February 16, 2018
Paul Palmer won't be alone when he walks to the podium at the College Football Hall of Fame awards dinner in December. Two women will be by his side, though you won't see either.
That image has been on his mind since being informed of that last month. As a running back at Temple University in the mid-80's, he produced 6,613 all-purpose yards, 4,895 rushing yards and 39 touchdowns. Leading the country in rushing as a senior in 1986 (349 yards, 3 TDs vs. East Carolina), Palmer rushed for 1,866 yards and scored 15 touchdowns. He was second in the Heisman Trophy voting that year, behind Miami quarterback Vinny Testaverde.
Palmer, 53, played just a few years in the NFL. Though he did have his moments, his football legacy will forever remain in Philadelphia.
"I was just bad. Every now and then I'll bump into someone and they'll say, 'Oh, I remember when we were in elementary school…' And I'm like, 'Oh, boy. Do I have to apologize to you?' I acted like an idiot.''
As Sam Cooke sang some 50 years ago, it's been a long time comin'. The journey, however, has not been as smooth as a flowing river. But the years have left him humble and blessed.
His great-grandmother, Frances Palmer, who raised him from the time he could walk, died the day he was selected in the first round of the NFL draft. He was with her in the hospital when she passed. Nearly five years ago, his daughter Moet died from a drug addiction. He nicknamed her BIG. She was a graduate of Temple and Homecoming Queen at Haddon Heights High School in South Jersey.
That is where Palmer spends much of his time now, having been an assistant football coach for a dozen years and working with special ed. students at the high school. Quite ironic, given his past.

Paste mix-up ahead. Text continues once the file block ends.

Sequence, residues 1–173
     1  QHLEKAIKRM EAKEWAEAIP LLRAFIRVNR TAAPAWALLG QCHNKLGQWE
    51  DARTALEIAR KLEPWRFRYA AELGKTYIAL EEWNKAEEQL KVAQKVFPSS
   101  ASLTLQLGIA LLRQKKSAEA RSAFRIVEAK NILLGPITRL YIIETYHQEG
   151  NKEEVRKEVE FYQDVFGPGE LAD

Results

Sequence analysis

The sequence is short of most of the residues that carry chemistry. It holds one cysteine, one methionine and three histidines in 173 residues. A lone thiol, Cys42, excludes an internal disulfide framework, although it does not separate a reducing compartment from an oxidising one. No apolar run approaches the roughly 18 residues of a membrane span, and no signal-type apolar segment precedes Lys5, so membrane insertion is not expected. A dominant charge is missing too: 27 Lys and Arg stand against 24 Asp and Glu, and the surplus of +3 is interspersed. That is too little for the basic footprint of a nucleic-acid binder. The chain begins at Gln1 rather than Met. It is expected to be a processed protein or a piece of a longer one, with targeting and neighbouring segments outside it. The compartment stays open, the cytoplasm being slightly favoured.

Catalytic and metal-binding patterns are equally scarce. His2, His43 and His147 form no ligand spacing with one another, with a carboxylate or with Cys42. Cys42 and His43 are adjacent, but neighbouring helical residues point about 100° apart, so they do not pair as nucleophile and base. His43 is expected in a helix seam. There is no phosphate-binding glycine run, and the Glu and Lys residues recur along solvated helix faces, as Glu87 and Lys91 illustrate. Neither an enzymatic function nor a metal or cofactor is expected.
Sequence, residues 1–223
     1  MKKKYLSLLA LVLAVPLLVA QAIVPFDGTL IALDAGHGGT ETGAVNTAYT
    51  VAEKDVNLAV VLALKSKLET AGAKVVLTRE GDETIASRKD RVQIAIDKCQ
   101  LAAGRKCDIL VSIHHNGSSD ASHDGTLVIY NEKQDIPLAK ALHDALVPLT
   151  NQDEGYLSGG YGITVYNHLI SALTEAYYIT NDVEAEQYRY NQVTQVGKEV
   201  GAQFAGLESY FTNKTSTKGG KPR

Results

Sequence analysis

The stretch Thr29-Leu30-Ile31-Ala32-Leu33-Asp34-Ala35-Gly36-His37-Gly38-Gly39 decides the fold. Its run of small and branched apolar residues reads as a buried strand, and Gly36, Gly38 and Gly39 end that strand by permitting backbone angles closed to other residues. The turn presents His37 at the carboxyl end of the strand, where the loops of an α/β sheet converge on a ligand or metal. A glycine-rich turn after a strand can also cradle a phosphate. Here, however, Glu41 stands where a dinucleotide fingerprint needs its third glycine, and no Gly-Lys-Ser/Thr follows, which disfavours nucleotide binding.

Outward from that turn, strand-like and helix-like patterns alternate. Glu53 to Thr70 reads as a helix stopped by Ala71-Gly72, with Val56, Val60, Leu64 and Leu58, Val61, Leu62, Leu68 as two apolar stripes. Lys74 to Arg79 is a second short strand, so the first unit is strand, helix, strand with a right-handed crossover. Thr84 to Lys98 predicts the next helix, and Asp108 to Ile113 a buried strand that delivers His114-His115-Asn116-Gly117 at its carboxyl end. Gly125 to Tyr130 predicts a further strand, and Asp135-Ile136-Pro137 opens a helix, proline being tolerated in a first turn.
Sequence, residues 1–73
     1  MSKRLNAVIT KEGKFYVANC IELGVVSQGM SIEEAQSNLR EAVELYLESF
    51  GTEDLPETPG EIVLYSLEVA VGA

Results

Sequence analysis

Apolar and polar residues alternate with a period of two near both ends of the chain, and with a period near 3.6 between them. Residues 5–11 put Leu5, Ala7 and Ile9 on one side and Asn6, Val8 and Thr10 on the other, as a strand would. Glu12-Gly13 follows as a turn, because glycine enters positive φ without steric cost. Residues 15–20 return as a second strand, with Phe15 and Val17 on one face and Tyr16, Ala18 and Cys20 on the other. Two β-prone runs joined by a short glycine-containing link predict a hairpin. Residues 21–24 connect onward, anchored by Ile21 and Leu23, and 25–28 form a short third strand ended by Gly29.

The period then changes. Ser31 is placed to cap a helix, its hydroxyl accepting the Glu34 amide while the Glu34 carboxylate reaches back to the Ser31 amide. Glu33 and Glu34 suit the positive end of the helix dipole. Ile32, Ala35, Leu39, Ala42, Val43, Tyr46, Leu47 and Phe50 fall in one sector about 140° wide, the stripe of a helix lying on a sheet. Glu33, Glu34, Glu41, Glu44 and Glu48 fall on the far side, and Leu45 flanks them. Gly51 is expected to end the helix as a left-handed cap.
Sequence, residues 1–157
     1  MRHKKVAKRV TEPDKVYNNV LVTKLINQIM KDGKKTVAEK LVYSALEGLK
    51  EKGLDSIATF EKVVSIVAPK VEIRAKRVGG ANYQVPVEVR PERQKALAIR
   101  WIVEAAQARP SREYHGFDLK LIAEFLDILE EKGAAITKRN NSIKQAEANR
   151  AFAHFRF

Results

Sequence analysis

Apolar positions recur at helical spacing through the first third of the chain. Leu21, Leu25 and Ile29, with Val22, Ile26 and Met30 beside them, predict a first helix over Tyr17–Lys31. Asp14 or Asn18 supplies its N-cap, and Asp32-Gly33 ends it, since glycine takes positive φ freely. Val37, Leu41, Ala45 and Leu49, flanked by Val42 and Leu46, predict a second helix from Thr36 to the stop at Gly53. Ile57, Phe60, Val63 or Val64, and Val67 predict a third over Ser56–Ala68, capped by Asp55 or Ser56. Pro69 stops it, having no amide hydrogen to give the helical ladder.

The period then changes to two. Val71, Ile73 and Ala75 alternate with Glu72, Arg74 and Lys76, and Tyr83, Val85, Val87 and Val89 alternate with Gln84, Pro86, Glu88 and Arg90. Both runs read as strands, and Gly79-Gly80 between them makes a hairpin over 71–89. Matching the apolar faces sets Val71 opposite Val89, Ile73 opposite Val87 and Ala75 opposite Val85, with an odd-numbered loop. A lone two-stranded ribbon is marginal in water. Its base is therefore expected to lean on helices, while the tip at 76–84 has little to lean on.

Growing up in Maryland, Palmer was in and out of trouble in grade school. He got into fights, he cursed, got suspended from school. He was even expelled from the school cafeteria. "I'd walk home, make my peanut butter and jelly sandwiches, eat quickly and walk the mile back to school.
"I was just bad,'' he said recently, sitting on a cafeteria chair in a hallway at the high school. "Every now and then I'll bump into someone and they'll say, 'Oh, I remember when we were in elementary school…' And I'm like, 'Oh, boy. Do I have to apologize to you?' I acted like an idiot.''
So much so that in eighth grade he was given a choice. Either be assigned to special ed. or go to another school and repeat the grade. "I knew I didn't need special ed. I was just acting out. I figured a new school, I could start over and act like I had some sense.''
Football made sense. Even though he came out of high school at 5-foot-9, 165 pounds, he loved the game from the start.
"I'm a momma's boy,'' said Palmer, nicknamed Boo Boo as a little guy, "but I never allowed myself to be treated like a momma's boy. She loved me; she loved me up. And I'm the same way with my kids. I love 'em to death but I don't baby them. I wouldn't allow her to baby me.''
And so he would play tackle football (no pads) against the older kids. They would stuff the ball in his gut, block for him, but eventually, bigger kids would knock him down and bring up the tears. "I got my toughness from neighborhood ball, not organized,'' Palmer said.
"Thank God I had older guys around the neighborhood and a couple of uncles who were really good men that I wanted to be like. One uncle, he was handsome, he could dance, play basketball, he wrestled, played football, the girls liked him. I just wanted to be like my Uncle Brian,'' Palmer said. "In the neighborhood, there were guys who looked out for me; kind of took me under their wing. I lived in a pretty close-knit neighborhood, and I had coaches who were available to my grandmother when I got out of line. So if I got out of line I knew I'd be hearing from my uncles over the weekend.''
He has heard from countless people this month, and the buzz has not yet stopped.
"It's been busy. Really busy,'' he said, noise coming from around the corner during a JV basketball game. "A couple of people have contacted me about signing autographs, and a friend has me giving a motivational talk to a department at his company. But social media has been crazy. It took me quite a few days to try and respond to people. My phone was filled up, which had never happened. It's been kind of crazy but cool.